Review

Review

Don Coscarelli Talks Phantasm and Bubba

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By Joseph McCabe
Don Coscarelli?s got the magic touch.

Try as they might, most directors aren?t lucky or talented enough to create one successful film franchise. But, over the years, Coscarelli?s managed to fashion three, starting with the cult hits Phantasm, Beastmaster and Bubba Ho Tep.

Since this week sees the release of two of his four Phantasm films on DVD, including a new remastering of the original hit film (as part of the Anchor Bay Collection)?as well as his non-horror thriller Survival Quest starring fan favorite Lance Henriksen?FEARnet thought it would be an ideal time to sit down and chat with Coscarelli himself about the past, present and future of his undying sagas.

Where did the initial idea for Phantasm come from?

Well, let?s see? I was always a big fan of horror movies. Anything sci-fi/fantasy/horror I loved as a boy. I?d made a couple of films that were not in the genre. I?d made a drama and then a comedy. You know, honestly, neither of those films had much impact, and I got this idea in my head. Somewhere I had heard that horror movies were always successful and commercial. I thought, ?Well, you know, I like horror movies. They?re commercial. Why don?t I try to make one?? There was one other inspiration. I?ve told this story, but it?s very true. I had this film Kenny and Company that had these kids. There?s a scene in a haunted house and we have this monster jump out. The first time I saw it with an audience, the audience shot out of their seats. It was a pretty amazing impact for a young filmmaker to have. So that really was exciting, and something that I wanted to try.

But it was just a function of looking around for subject matter to do in the genre. It was just putting together several influences from movies that I had liked; and at the same time kind of hanging it all on an investigation of the American way of death, which is really strange and bizarre, in how we treat the whole process of dying and funerals and all of that. It hadn?t really been done in a movie so much. There?d been The Body Snatcher with Karloff, and things like that, but nobody had really done just a straight story that took place in a funeral home. Then it was just a function of letting my mind go and trying to come up with some strange and creepy encounters in that situation. The story just evolved out of that.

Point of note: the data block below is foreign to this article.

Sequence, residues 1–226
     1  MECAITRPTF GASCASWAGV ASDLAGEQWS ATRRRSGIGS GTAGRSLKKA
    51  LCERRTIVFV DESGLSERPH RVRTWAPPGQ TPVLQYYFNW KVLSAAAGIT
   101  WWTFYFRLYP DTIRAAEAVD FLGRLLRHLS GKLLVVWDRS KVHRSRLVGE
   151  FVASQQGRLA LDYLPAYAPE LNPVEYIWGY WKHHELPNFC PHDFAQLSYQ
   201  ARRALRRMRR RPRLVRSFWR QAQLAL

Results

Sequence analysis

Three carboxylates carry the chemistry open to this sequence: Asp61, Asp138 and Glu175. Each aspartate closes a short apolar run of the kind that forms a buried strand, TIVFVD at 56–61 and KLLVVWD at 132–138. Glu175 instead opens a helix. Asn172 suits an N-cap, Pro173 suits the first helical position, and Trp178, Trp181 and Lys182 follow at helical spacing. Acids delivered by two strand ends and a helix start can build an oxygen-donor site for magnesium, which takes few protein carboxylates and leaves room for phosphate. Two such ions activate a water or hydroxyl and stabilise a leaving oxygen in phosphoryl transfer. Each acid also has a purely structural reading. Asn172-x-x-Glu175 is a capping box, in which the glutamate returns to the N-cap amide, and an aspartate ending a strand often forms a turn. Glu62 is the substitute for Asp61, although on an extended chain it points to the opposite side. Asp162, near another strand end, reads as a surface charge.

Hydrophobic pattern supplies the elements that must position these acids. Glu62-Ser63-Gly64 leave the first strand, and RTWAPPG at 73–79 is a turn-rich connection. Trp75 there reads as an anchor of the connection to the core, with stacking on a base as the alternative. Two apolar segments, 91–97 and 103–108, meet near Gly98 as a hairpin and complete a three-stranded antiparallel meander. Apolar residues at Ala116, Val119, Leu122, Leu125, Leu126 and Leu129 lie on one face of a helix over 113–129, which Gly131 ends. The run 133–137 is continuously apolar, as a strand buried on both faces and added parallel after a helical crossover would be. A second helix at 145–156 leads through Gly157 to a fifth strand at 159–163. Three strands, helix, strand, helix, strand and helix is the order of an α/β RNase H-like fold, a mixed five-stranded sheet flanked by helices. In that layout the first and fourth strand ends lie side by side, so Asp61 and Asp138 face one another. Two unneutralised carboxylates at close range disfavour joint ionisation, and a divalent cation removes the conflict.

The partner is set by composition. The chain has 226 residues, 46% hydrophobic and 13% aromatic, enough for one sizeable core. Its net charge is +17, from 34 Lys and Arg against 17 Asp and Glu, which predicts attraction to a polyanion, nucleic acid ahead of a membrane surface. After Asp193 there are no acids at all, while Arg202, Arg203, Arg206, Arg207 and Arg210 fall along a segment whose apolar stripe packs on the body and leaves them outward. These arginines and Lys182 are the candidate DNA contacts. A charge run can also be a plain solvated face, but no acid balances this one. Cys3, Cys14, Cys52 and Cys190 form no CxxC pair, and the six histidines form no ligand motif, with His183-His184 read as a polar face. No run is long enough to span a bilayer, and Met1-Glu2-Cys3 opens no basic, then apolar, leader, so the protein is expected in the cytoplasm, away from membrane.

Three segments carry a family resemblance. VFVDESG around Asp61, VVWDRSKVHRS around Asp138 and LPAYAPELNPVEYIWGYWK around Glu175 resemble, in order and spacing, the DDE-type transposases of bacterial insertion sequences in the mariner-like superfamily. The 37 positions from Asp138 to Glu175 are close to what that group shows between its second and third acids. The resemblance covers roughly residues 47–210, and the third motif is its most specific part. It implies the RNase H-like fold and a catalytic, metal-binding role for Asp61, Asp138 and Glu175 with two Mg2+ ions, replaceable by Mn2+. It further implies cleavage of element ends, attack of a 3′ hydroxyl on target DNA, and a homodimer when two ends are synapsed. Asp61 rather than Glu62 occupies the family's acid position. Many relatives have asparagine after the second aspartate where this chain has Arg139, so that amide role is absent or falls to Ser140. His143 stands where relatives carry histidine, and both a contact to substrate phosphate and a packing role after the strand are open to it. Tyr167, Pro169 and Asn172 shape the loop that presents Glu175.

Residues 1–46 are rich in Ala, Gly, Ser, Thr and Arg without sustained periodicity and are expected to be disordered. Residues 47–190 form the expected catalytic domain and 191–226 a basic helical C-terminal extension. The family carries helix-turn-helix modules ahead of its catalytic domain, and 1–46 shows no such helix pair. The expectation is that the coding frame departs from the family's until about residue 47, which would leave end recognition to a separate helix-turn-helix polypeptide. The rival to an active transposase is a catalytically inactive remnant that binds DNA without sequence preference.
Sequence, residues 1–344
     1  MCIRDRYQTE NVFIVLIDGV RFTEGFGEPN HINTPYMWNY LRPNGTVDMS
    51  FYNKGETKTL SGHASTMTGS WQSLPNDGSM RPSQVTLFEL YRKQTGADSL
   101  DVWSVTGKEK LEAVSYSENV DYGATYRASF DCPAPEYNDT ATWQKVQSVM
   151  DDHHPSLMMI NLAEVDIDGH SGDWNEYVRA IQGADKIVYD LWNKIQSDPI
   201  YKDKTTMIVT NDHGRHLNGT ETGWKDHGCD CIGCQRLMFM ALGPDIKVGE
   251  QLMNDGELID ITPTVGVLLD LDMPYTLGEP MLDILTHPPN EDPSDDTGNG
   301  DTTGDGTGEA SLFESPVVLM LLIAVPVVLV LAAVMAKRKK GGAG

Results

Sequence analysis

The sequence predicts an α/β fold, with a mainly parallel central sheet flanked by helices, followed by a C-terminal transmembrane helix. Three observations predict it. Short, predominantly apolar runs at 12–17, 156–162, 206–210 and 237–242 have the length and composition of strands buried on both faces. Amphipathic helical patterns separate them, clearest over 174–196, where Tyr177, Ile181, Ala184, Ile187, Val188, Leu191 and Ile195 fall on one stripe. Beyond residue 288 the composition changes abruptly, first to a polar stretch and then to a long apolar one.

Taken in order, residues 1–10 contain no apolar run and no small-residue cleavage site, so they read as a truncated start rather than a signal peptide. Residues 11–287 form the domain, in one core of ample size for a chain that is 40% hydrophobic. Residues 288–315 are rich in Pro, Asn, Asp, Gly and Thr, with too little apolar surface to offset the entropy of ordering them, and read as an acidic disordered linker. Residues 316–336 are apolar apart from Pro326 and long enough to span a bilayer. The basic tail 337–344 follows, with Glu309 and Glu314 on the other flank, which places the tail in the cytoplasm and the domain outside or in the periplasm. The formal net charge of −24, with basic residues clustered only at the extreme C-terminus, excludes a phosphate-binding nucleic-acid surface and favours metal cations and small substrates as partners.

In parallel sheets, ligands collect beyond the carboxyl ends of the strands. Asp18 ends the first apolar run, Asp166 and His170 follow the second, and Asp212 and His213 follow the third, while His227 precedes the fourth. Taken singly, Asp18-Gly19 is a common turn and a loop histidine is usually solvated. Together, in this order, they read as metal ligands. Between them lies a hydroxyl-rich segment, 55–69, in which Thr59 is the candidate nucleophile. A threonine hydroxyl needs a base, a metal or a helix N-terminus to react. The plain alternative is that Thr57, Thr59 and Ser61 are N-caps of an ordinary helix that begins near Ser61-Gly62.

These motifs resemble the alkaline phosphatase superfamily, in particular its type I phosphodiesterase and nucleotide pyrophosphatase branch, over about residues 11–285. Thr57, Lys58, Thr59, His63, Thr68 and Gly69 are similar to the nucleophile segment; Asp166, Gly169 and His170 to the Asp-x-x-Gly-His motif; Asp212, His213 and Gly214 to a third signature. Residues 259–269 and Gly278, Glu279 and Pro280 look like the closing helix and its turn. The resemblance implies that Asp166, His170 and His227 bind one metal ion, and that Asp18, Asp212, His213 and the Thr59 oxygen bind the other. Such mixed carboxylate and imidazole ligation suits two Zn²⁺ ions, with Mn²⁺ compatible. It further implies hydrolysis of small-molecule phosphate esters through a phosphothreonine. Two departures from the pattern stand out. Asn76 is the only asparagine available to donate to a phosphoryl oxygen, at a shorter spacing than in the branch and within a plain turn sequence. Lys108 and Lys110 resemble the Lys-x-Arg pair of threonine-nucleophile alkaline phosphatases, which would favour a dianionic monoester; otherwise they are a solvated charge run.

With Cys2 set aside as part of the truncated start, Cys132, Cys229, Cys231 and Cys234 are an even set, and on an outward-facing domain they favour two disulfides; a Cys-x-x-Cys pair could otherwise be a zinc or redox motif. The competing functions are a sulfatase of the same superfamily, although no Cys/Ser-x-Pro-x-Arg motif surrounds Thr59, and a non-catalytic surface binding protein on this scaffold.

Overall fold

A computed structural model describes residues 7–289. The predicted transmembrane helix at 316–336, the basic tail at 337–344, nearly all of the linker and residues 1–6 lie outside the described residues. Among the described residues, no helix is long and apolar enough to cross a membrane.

The last point?this is very long-winded!?would be that I started to look around to the actors that I knew. I?d worked with a lot of the actors in Phantasm on previous movies, and I just started creating roles for those actors. I?d worked with Michael Baldwin?he was just a great child actor?and of course I?d worked with Reggie Bannister in two other movies; and I?d worked with Angus Scrimm in one of them. It all came together that way.

Phantasm also seems inspired by horror movies like Don?t Look Now and books like Something Wicked This Way Comes. But at the same time it?s very different. It?s not a film that?s easy to pigeonhole.

That?s true. I had a vast array of influences. But those are interesting ones that you bring up. Don?t Look Now is just a terrific movie, and Something Wicked This Way Comes, the book, absolutely. Because after I made Kenny and Company?it?s interesting that you saw that?Reggie Bannister had actually given me a copy of that book and said, ?We should make this a movie.? And I was thinking about getting the two kids from Kenny and Company. But the rights weren?t available. Then I went down the path of Phantasm. So I owe a debt to Ray Bradbury there.

 

Is it true that the inspiration for the film?s spheres came to you in a dream?

That is absolutely true. I had had a dream a long time ago. It was about being pursued down long corridors by this chrome sphere. It really didn?t do the kinds of things that we did in the movie. I mean, it never caught me. So I don?t know what it did. It was just a function of looking for some kind of a strange first encounter for the boy, what that would be. I just seized on using that idea?that there were these sentinels in the hallways that were on the lookout for people who weren?t supposed to be there.

How did the Phantasm sequels come about?